Nathan: In this last tutorial, I'd like to know what you recommend for good quality audio settings and which file formats would be best for streaming. In my experience so far, WMV seems to be best. I'd attempted to use the Real format, but I got an error when I output my file (which I couldn't correct), so my intention is to stay away from it. Also, if you want to resize videos to a smaller format, how do you prevent artifacting on the screen and banding? I'm aware of a setting for which is used in Camtasia 3 for WMV, but if there are other things I should know, I'd appreciate hearing about them.

The following are Troy's recommendations for output:

  • For short screencasts with great quality use SWF.
  • Longer and motion intensive screencasts use FLV. 
  • WMV is Microsoft’s codec and it is bit lossy – so quality won't be as high. But if you are keen to use WMV, use the “Camtasia Studio Best Quality and File Size (Recommended)” during production.
  • SWF is limited to 16,000 frames so longer screencasts are out.
  • To minimize file size, publish at 10fps, 11.025 mono.  Often, you can go down to 5 or 7 fps and still get decent fluidity.  Use the Preview button in the production wizard to see how things look before producing the full screencast.
  • Good quality sound – starts with a good microphone, beyond that, use the audio enhancements in Camtasia Studio 4 to clean up unwanted noise such as machine hum, audio pops and cracks.
Nathan: What format would you recommend for video sites such as YouTube?

Troy: "Users of YouTube are limited by the file formats that YouTube accepts and regardless of the format everything is reformatted to Flash 7 so quality will be compromised."

For reference, YouTube recommended settings are:

Troy continued: "That said, the best format out of Camtasia would be the Camtasia AVI file format.  YouTube is going to recompress whatever file you give them.  So give them the best quality, which is our AVI."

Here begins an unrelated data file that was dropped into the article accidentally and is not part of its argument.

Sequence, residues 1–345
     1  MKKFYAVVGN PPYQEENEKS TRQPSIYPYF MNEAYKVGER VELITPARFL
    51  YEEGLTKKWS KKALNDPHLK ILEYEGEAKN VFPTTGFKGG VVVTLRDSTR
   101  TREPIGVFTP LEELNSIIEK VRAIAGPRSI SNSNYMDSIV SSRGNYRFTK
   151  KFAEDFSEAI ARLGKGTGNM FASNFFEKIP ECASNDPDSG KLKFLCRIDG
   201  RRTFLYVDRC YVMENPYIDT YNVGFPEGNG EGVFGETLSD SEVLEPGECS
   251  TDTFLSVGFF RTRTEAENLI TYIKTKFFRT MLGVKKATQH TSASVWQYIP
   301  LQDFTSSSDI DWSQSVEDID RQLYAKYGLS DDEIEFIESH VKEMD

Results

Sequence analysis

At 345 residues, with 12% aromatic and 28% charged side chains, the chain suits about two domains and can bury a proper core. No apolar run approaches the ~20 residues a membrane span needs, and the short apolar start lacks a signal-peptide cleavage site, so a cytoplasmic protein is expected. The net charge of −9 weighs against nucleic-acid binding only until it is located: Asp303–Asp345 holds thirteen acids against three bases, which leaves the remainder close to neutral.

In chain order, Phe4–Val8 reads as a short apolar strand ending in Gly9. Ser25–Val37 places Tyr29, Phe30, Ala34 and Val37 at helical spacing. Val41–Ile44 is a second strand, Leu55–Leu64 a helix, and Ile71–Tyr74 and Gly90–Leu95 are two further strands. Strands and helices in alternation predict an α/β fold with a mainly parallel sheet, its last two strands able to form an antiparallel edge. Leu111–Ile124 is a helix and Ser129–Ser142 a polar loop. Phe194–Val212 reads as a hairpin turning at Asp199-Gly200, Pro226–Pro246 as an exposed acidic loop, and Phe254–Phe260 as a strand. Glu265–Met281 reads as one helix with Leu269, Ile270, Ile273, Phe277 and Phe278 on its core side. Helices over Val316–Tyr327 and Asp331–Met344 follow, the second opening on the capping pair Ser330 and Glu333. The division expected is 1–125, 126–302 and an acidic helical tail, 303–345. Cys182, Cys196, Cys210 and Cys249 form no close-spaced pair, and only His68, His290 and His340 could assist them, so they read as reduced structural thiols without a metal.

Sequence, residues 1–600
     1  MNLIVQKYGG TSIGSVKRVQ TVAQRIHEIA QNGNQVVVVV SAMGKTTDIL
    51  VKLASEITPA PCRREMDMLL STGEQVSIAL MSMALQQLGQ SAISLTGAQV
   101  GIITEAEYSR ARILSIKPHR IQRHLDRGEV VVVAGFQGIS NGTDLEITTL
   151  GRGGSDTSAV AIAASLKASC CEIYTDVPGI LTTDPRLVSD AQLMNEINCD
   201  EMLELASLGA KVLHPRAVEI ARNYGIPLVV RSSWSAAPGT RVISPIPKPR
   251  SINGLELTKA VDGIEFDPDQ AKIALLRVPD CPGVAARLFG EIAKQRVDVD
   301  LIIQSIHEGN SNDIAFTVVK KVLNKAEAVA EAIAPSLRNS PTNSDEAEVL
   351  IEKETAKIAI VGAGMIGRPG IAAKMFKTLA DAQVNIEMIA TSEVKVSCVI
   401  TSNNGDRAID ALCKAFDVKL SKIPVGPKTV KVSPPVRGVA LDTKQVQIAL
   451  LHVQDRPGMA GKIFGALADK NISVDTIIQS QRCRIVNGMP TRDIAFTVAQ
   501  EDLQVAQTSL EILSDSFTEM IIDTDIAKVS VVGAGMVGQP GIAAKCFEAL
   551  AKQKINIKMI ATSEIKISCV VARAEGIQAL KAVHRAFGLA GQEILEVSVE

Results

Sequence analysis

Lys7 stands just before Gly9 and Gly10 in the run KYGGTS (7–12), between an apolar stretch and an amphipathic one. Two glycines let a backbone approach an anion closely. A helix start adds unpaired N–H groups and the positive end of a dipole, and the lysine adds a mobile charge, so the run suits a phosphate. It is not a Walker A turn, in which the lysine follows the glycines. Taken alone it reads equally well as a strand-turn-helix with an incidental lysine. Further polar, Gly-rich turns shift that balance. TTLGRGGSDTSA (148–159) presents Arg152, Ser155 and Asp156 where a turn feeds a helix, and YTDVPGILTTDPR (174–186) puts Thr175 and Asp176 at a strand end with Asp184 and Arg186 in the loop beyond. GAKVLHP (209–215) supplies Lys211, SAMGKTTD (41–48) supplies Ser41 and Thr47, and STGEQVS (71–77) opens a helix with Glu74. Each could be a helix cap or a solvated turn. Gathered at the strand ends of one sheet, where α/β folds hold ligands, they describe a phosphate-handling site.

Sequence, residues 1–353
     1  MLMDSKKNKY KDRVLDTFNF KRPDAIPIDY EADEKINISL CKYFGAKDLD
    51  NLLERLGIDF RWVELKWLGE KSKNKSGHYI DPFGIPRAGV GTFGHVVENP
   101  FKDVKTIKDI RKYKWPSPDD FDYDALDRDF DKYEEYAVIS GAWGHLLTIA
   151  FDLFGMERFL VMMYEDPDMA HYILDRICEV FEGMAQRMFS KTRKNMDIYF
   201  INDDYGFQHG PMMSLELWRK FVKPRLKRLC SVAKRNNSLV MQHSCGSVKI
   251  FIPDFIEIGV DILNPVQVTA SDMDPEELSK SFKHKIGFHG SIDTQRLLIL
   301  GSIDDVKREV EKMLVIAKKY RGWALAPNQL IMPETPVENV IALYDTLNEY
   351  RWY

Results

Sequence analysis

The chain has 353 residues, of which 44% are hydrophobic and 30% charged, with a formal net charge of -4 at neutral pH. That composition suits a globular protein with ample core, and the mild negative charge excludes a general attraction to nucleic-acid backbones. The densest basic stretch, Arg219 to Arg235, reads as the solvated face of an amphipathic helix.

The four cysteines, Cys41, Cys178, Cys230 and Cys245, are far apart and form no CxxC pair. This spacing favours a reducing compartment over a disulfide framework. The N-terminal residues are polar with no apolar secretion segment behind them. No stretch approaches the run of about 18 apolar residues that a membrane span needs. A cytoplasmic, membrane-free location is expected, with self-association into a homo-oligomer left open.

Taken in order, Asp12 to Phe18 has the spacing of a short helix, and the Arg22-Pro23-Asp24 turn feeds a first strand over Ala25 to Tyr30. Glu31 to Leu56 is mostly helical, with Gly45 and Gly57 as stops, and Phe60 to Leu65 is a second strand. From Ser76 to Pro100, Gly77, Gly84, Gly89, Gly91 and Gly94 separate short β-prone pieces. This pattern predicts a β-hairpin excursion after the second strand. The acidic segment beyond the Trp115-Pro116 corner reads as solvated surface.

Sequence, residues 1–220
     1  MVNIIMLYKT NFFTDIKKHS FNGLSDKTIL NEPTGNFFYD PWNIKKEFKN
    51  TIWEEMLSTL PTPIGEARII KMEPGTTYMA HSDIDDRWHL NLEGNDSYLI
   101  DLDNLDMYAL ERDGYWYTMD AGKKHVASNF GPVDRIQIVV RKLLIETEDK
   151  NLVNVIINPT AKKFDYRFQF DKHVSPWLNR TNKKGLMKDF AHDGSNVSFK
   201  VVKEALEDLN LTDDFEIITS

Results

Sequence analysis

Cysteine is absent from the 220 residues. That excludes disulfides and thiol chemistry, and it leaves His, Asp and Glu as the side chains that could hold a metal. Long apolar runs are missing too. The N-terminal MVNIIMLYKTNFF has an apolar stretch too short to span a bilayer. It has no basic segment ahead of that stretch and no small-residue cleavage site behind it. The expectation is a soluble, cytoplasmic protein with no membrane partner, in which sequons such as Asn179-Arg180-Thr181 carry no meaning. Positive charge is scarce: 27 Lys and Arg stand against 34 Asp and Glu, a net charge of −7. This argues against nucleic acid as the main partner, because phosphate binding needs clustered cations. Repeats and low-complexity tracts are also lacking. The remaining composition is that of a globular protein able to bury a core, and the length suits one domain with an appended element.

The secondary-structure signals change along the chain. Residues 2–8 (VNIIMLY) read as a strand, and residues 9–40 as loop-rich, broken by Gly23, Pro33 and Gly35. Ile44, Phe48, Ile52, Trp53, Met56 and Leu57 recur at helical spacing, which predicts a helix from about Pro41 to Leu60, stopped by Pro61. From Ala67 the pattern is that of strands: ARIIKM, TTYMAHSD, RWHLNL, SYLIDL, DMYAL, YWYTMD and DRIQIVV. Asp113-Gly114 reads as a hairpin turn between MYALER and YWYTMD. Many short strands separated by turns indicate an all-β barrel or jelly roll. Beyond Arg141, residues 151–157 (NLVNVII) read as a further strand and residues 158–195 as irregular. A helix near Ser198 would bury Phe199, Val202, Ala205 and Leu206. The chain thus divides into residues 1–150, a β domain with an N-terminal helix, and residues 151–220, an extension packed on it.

"From the Production Wizard, choose Custom Production Settings and choose AVI output. It's imperative though with screencasts of software applications to zoom and pan, tight, when YouTube is the destination. This will help when YouTube reformats the video."

NOTE: TechSmith’s service was designed specifically to host Camtasia Studio screencasts and other content where the author cares about professionalism, quality, and doesn’t want to give up control of their content. With, users can decide which of their screencasts they want to be made public or keep private, and who they share their screencasts with. also allows you as the content creator to determine the quality and size of your video so you can control your end user's experience.  If you already have a Web site you can use to host your media and embed the content on your existing Web pages.

One of the issues I've encountered has to do with scaling video either up or down to fit the requirements of different formats. Here are Troy's recommendations:

Troy: "You can produce the videos at larger dimensions than were originally recorded by choosing a different dimension during the production process.  I checked this with a 320x240 video and chose a Flash output that fit in 800x600 and it scaled the video appropriately."

"As a rule of thumb, the best quality will be recording and producing at the same dimension.  The next best result will be to record at a larger dimension and then zoom around at a smaller dimension – and this is key – you’ll want to produce the video at the same dimension at which you zoomed in.  This will give you a nice crisp video inside a smaller window."


This is the last part of our series on creating video tutorials with Camtasia Studio. This week we covered the basics of producing your video, including a section on getting the best results, courtesy of Troy Stein, Camtasia Studio Product Manager at TechSmith.

About the Author

Nathan Segal is an Associate Editor for He is an Artist and Writer who has been writing for computer and photographic magazines for 9+ years. His specialty is taking complex methods and explaining them in clear, easy-to-understand terms. To learn more about his work and background, click here.


Created: June 5, 2003
Revised: June 7, 2007